Tai chi & rock ‘n’ roll

Meet the mas­ter who taught Lou Reed how to let the en­ergy flow

China Daily (USA) - - FRONT PAGE - By HEZI JIANG in New York hez­i­jiang@chi­nadai­lyusa.com

It used to be a unique scene in New York’s neigh­bor­hood parks when Chi­nese im­mi­grants would gather in the morn­ing and go through the grace­ful and mys­te­ri­ous mo­tions of tai chi.

Nowa­days prac­ti­tion­ers of the tra­di­tional mar­tial art in New York can be seen reg­u­larly on Times Square, the Brook­lyn Bridge, Lin­coln Cen­ter, vir­tu­ally ev­ery­where.

“Tai chi is like an open se­cret among the up­per class of New York,” said film di­rec­tor You Jun, who has been shooting a doc­u­men­tary of New York-based tai chi mas­ter Ren Guangyi and his US stu­dents, who in­clude a busi­ness­man, a Broad­way ty­coon, a doc­tor, mu­si­cian, painter, po­lice­man, writer, psy­chol­o­gist and a pho­tog­ra­pher, among oth­ers.

“I was sur­prised by [the Amer­i­can stu­dents’] ex­ten­sive knowl­edge and deep un­der­stand­ing of tai chi,” said You. “It’s a big part of their lives.”

So de­voted were those stu­dents to the mar­tial art and their teacher that many of them, who have con­sis­tently turned down me­dia re­quests, agreed to be filmed for You’s doc­u­men­tary.

Jonathan Miller, for­mer CEO of AOL and chief dig­i­tal of­fi­cer of the News Corp, wel­comed You and his film crew to visit his new tai chi re­sort in Up­state New York, which is cur­rently un­der con­struc­tion.

Lau­rie An­der­son, avant-garde artist and widow of rock leg­end Lou Reed, who was a stu­dent of Mas­ter Ren for 12 years be­fore he died, per­formed some of her elec­tronic mu­sic that was in­spired by tai chi’s con­cept of yin and yang.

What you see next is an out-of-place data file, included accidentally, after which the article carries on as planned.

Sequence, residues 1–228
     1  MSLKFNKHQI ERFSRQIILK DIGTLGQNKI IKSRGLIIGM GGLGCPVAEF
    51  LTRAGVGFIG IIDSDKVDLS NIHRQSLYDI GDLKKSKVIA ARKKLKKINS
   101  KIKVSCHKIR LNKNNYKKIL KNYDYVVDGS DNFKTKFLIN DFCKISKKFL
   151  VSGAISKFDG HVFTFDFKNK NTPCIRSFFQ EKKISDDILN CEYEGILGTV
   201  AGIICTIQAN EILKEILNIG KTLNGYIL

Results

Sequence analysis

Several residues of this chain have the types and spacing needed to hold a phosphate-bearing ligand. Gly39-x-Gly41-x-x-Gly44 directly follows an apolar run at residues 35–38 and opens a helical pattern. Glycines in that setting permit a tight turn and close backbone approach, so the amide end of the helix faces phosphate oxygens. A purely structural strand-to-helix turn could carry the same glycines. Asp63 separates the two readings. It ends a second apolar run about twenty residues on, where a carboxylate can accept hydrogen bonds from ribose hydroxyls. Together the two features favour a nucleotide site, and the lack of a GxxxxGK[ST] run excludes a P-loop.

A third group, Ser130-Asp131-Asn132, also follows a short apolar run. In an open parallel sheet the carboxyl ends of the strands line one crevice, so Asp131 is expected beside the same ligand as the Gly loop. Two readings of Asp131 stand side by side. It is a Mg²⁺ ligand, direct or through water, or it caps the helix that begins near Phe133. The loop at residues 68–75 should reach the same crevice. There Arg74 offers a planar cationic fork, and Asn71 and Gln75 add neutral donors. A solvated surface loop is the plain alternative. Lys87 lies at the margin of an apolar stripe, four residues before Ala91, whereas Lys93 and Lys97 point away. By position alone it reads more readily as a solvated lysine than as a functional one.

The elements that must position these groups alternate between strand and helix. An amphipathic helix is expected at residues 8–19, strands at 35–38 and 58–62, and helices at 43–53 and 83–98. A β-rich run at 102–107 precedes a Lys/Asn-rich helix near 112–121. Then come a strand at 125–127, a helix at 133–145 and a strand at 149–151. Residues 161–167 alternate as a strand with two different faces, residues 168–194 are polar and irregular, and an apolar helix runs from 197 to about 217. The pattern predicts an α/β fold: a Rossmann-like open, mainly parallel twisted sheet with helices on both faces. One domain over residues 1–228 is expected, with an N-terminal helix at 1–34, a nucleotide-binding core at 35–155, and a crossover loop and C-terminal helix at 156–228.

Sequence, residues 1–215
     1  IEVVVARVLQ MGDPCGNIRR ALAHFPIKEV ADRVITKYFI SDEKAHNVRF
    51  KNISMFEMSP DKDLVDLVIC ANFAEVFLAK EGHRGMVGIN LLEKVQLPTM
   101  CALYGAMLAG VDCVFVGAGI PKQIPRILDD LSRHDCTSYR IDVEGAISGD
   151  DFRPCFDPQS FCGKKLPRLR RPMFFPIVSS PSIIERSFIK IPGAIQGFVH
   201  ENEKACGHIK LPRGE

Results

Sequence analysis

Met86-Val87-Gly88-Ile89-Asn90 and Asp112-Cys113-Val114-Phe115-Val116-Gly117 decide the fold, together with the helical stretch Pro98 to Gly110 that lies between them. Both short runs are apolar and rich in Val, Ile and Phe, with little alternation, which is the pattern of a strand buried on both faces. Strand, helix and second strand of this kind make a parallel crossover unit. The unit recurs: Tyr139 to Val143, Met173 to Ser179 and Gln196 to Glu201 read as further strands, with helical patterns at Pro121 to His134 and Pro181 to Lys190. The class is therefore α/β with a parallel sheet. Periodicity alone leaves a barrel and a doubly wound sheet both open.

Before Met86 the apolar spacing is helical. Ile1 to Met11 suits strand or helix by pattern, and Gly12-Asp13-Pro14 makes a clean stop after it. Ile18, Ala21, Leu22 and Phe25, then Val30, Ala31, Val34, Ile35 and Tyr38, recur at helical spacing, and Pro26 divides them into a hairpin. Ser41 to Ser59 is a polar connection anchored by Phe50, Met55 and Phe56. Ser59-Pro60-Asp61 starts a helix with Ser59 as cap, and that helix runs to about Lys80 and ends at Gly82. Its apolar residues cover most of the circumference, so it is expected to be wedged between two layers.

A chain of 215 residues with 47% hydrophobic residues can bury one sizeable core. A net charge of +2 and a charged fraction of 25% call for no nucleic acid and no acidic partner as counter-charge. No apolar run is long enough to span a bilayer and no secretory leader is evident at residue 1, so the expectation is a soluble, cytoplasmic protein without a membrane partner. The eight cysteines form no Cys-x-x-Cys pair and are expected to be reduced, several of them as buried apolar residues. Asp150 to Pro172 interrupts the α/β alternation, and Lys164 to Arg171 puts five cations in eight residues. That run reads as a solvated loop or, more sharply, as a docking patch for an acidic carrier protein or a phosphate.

“Tai chi has be­come more and more pop­u­lar in the past 25 years in the US, and in the world,” said Ren, who stud­ied with Chen-style Tai Chi Grand­mas­ter Chen Xiaowang for eight years in China’s He­nan prov­ince be­fore mov­ing to New York for his wife’s ed­u­ca­tion in 1991.

His weekly group class has grown from two stu­dents to more than 30, and he has be­come a fre­quent visi­tor to many of Man­hat­tan’s lux­ury apart­ments and brown­stones, giv­ing pri­vate lessons to the likes of ac­tor Hugh Jack­man, Leonard Lauder, chair­man emer­i­tus of Es­tee Lauder, and Fred­die Ger­shon, chair­man and CEO of Mu­sic The­atre In­ter­na­tional, a the­atri­cal li­cens­ing agency.

Many of the stu­dents orig­i­nally came to Ren for health rea­sons. One of them is Dr. Daniel Rich­man, a pain man­age­ment spe­cial­ist who of­ten rec­om­mends that his pa­tients try tai chi, which sig­nif­i­cantly helped his own neck pain that he was not able to cure him­self.

Oth­ers came with a fond­ness for the Chi­nese mar­tial art. A writer said tai chi helped him get in touch with the world and look peo­ple in the eye; a painter said tai chi helped her find in­ner peace; and a pho­tog­ra­pher said she just found tai chi to be very cool.

“Tai chi was born in China, but it’s for the world,” said Ren. “Now we see peo­ple around the world prac­tic­ing yoga. Maybe one day they will turn to tai chi.”

You’s doc­u­men­tary will be aired on China Cen­tral Tele­vi­sion some­time around the next Chi­nese New Year, the big­gest an­nual hol­i­day in tra­di­tional cul­ture hon­or­ing the glory of an­ces­tors.

“We of­ten think Chi­nese im­mi­grants in the US live in Chi­na­town and die in Chi­na­town, and they have no in­flu­ence on main­stream so­ci­ety,” said You. “It’s not true. Now we see mas­ter Ren, who doesn’t speak much English, but makes a huge dif­fer­ence in the lives of these Amer­i­can elites.”

PHO­TOS PRO­VIDED TO CHINA DAILY

Top: Ren Guangyi prac­tices Chen-style tai chi. Above: Lou Reed and Ren Guangyi prac­tice tai chi.

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